A New Hampshire school district is installing desk shields. Is Massachusetts next?

Education officials in the Bay State say plexiglass barriers have "pros and cons."

A clean room with stacked chairs in the science room at the Mildred Avenue K-8 School building in Mattapan on July 10.
A clean room with stacked chairs in the science room at the Mildred Avenue K-8 School building in Mattapan on July 10. –David L Ryan/Globe Staff

Students heading back to school in Salem, New Hampshire, this year will be seeing their studies in a new way, literally.

The school district’s plans for reopening during the coronavirus pandemic call for installing shields on student and teacher desks — plastic and clear ones that will allow them to see what’s around them all while not needing to wear a mask, CBS Boston reports.

Students and staff will be required to wear a mask when “appropriate and necessary” and to follow other protocols in place for distancing and hand washing, according to the plans.

But the face coverings won’t be required when students and teachers are behind the shields, which will also be installed between seats in cafeterias. CBS Boston reports the district will give parents the option for students to continue remote learning during the fall term.

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While educators have not yet finalized individual district plans for tackling the return to school in Massachusetts, students here in the commonwealth likely won’t see quite as many partitions, at least in the classroom.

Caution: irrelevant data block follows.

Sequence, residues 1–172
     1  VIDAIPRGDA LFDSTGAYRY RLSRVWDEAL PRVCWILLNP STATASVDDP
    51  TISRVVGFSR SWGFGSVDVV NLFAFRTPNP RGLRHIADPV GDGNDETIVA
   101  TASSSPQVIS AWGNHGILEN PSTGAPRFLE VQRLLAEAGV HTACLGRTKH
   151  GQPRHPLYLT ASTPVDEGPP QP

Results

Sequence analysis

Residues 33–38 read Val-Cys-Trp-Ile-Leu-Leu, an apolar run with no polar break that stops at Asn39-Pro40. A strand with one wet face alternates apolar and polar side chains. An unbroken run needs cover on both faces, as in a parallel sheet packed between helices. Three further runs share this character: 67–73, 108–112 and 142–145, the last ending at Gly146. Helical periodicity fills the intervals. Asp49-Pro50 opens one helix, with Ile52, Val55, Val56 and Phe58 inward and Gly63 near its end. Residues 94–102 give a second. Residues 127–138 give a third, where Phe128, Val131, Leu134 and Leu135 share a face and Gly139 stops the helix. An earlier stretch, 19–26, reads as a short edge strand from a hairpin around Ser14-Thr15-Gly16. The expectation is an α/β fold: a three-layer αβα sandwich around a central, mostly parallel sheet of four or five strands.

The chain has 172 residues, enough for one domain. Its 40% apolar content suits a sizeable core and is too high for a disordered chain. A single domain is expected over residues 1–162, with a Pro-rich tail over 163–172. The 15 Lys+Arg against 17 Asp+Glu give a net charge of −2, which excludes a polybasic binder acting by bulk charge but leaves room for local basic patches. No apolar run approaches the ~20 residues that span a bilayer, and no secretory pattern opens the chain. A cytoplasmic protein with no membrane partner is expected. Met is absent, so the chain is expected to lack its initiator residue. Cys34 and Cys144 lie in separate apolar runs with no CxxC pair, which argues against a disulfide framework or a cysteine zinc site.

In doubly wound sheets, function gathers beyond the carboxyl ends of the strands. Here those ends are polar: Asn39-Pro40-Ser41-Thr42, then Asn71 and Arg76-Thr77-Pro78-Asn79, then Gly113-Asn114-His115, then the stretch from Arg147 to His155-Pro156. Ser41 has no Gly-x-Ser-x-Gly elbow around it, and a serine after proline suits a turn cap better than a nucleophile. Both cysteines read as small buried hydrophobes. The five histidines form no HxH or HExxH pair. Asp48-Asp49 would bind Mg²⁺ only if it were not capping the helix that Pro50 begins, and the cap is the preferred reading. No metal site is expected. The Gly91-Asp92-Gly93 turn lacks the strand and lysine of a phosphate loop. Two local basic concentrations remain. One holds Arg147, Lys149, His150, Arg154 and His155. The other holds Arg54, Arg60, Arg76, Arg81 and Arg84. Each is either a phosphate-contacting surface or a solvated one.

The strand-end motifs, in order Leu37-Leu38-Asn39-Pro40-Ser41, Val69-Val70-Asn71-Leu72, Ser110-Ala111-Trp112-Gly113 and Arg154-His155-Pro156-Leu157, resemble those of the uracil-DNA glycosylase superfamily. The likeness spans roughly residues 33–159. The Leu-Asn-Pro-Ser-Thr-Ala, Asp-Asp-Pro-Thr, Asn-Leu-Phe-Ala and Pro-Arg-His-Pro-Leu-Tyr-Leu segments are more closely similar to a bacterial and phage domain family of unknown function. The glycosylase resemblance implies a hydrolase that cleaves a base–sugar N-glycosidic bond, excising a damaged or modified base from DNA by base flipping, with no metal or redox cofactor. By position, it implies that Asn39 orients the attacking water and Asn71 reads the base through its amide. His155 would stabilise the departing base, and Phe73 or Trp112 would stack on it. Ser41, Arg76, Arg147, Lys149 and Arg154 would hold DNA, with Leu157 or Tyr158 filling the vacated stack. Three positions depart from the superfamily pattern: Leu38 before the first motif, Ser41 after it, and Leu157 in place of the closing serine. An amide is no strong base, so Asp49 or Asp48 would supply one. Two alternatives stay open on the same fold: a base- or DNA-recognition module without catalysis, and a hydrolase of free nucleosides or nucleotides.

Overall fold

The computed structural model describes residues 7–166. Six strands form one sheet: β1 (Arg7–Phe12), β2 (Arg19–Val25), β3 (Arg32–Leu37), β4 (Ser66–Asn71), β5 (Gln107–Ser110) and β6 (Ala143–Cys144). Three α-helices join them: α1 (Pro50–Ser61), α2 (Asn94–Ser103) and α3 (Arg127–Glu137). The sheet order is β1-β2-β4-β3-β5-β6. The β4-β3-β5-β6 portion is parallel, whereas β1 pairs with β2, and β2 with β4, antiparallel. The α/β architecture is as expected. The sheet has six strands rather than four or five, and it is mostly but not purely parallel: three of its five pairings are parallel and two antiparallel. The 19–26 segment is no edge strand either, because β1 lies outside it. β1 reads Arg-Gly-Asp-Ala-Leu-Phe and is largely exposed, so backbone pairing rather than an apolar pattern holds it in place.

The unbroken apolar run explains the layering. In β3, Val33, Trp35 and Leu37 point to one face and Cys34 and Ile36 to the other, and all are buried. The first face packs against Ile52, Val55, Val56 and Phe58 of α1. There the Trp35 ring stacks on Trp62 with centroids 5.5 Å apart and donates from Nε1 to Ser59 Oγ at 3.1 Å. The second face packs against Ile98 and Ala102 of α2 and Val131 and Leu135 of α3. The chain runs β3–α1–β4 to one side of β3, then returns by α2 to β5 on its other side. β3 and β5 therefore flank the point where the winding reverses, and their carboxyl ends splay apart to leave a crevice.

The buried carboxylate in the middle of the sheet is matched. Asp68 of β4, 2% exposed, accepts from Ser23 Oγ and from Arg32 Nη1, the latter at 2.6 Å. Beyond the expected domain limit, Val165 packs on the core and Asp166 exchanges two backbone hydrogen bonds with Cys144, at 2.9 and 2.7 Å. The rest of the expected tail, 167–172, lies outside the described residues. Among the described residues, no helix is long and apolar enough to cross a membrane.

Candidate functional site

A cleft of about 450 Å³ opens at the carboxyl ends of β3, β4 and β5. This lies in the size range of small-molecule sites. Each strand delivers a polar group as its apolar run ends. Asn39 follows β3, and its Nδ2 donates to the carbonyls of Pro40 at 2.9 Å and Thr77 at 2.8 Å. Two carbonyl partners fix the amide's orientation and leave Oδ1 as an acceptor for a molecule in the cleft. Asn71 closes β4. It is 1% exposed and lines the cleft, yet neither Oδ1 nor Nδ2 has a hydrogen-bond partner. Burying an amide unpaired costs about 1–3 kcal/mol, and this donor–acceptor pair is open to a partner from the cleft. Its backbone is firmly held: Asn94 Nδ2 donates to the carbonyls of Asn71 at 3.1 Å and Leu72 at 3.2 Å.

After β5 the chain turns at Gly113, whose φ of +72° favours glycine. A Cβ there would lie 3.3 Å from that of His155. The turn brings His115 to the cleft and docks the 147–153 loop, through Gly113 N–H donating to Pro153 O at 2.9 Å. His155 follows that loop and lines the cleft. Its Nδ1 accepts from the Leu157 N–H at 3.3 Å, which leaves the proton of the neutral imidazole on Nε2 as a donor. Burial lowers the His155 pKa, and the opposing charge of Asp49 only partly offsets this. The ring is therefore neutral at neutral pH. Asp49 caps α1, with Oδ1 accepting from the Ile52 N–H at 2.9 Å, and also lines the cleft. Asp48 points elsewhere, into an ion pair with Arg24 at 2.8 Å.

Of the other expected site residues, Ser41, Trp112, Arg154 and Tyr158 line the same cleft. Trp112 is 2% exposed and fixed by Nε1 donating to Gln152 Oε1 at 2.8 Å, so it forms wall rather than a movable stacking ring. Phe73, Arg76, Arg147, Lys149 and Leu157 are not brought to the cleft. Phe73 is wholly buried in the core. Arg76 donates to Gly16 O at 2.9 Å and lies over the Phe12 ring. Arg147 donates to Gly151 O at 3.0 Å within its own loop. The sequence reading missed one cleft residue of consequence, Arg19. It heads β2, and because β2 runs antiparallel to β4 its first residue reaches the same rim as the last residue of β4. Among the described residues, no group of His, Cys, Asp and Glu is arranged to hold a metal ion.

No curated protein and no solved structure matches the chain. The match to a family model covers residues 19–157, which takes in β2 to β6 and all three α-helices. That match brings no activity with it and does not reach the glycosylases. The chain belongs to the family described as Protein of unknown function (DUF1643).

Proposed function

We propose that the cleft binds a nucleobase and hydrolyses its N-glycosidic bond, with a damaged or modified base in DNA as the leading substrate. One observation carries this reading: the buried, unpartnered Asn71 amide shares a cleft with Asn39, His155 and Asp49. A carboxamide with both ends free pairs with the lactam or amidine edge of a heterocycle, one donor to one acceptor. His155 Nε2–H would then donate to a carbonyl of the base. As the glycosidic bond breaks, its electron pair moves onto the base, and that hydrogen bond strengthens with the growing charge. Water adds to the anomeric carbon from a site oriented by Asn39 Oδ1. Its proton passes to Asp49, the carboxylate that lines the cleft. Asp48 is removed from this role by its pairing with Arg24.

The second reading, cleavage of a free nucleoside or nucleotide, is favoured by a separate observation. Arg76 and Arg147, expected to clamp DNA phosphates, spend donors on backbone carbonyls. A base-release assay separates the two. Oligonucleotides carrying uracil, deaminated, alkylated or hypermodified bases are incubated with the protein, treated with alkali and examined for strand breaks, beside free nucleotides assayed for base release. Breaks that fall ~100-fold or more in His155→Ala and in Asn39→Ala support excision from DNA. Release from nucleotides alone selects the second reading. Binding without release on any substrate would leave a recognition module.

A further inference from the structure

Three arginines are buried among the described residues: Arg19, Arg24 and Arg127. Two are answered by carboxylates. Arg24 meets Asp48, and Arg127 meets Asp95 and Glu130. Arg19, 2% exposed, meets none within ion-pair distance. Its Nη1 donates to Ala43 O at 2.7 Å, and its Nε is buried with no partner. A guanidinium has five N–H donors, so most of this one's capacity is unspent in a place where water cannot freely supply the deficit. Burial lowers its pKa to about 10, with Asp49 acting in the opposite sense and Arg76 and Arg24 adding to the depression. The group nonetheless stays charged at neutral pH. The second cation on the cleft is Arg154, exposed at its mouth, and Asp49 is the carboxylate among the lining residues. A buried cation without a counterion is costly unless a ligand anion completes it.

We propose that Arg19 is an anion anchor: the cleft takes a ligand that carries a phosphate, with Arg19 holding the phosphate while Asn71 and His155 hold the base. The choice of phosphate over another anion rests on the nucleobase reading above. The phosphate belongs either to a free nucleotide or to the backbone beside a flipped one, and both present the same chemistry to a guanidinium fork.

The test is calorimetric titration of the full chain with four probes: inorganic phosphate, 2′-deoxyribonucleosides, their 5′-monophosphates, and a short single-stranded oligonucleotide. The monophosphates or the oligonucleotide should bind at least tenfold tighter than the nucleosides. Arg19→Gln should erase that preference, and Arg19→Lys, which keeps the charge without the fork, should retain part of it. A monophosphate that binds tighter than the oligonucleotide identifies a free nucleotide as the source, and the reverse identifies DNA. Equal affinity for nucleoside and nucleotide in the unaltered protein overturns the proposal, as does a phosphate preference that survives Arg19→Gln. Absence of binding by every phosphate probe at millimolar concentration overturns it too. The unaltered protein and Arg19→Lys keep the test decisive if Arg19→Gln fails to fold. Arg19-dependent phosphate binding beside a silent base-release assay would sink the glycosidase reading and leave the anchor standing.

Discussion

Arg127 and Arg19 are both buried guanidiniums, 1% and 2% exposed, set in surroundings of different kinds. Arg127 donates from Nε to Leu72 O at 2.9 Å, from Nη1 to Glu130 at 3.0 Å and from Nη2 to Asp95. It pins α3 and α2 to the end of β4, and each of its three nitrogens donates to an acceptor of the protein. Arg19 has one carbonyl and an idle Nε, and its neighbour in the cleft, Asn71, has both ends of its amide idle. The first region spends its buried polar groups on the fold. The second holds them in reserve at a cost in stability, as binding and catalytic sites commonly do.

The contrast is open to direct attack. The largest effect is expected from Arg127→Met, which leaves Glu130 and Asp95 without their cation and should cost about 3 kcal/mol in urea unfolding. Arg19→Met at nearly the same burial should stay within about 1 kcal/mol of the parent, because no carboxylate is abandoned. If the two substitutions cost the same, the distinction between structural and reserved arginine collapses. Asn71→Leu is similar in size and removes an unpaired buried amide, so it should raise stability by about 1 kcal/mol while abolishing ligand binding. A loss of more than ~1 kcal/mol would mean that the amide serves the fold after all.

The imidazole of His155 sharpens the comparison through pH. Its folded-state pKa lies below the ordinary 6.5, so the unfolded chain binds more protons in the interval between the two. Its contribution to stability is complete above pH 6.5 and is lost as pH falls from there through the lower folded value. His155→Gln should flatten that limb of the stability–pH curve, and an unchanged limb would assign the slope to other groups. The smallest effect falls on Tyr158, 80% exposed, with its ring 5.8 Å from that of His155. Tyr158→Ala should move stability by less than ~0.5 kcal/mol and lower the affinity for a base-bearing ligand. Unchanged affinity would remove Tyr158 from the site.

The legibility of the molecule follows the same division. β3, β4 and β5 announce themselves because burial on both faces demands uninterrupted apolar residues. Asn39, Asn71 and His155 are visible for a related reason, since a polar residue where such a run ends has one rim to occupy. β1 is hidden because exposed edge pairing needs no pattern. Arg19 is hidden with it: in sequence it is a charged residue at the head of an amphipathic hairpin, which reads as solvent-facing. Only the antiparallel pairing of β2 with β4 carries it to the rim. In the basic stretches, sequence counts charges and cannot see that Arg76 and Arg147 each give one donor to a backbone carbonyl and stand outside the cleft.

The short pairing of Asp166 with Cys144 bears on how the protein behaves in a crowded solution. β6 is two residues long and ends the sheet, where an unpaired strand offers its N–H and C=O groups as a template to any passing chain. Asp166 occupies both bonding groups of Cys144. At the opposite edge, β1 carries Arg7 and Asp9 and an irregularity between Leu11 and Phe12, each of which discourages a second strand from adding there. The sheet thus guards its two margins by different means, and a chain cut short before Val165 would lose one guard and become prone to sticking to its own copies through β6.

In new guidelines released by the state Department of Elementary and Secondary Education Wednesday, regulators noted that there are “pros and cons” of using plexiglass barriers.

“In general, we do not recommend setting up plexiglass barriers in regular classrooms, since they represent an additional high-risk surface to clean and disinfect,” the guidance says.

But the document released by DESE notes the barriers are allowed if classroom furniture cannot be replaced or if physical distancing cannot be put in place without using barriers, “such as in a shared table or laboratory settings where there is limited capacity and desks are often heavy or immovable.”

The guidance notes plexiglass barriers can also be used in cafeteria settings, although officials have said they prefer students eat their meals inside their classrooms when possible.

The barriers should be tall enough to surpass a student’s height when he or she is standing, according to the guidelines. They should also be cleaned between uses.

As for school staff offices, the state guidelines say the barriers should be considered for high-traffic areas or where distancing cannot be achieved.

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DESE Commissioner Jeffrey Riley, in a memo to school leaders and administrators Wednesday, noted the latest guidance is still “subject to change depending on the COVID-19 trends and as we learn more about the virus from medical research.”


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